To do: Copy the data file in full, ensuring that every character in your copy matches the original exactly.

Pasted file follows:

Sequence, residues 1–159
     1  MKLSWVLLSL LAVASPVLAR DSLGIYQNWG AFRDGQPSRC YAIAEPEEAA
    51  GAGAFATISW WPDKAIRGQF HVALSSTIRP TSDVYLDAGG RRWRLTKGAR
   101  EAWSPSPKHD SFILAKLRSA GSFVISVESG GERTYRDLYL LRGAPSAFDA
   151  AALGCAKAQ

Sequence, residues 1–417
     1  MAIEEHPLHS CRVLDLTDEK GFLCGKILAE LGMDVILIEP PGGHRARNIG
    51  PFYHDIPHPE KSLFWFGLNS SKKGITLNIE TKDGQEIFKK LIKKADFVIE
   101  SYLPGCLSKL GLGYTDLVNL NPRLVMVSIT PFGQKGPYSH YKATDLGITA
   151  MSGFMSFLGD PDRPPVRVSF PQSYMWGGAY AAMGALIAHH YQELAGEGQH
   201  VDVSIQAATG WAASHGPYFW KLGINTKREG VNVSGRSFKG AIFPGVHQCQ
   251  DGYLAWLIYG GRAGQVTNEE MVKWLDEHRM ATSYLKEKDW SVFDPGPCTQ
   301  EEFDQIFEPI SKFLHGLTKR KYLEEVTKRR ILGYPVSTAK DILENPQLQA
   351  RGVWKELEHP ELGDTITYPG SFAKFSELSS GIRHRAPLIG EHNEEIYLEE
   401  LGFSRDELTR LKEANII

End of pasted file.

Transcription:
Sequence, residues 1–159
     1  MKLSWVLLSL LAVASPVLAR DSLGIYQNWG AFRDGQPSRC YAIAEPEEAA
    51  GAGAFATISW WPDKAIRGQF HVALSSTIRP TSDVYLDAGG RRWRLTKGAR
   101  EAWSPSPKHD SFILAKLRSA GSFVISVESG GERTYRDLYL LRGAPSAFDA
   151  AALGCAKAQ

Sequence, residues 1–417
     1  MAIEEHPLHS CRVLDLTDEK GFLCGKILAE LGMDVILIEP PGGHRARNIG
    51  PFYHDIPHPE KSLFWFGLNS SKKGITLNIE TKDGQEIFKK LIKKADFVIE
   101  SYLPGCLSKL GLGYTDLVNL NPRLVMVSIT PFGQKGPYSH YKATDLGITA
   151  MSGFMSFLGD PDRPPVRVSF PQSYMWGGAY AAMGALIAHH YQELAGEGQH
   201  VDVSIQAATG WAASHGPYFW KLGINTKREG VNVSGRSFKG AIFPGVHQCQ
   251  DGYLAWLIYG GRAGQVTNEE MVKWLDEHRM ATSYLKEKDW SVFDPGPCTQ
   301  EEFDQIFEPI SKFLHGLTKR KYLEEVTKRR ILGYPVSTAK DILENPQLQA
   351  RGVWKELEHP ELGDTITYPG SFAKFSELSS GIRHRAPLIG EHNEEIYLEE
   401  LGFSRDELTR LKEANII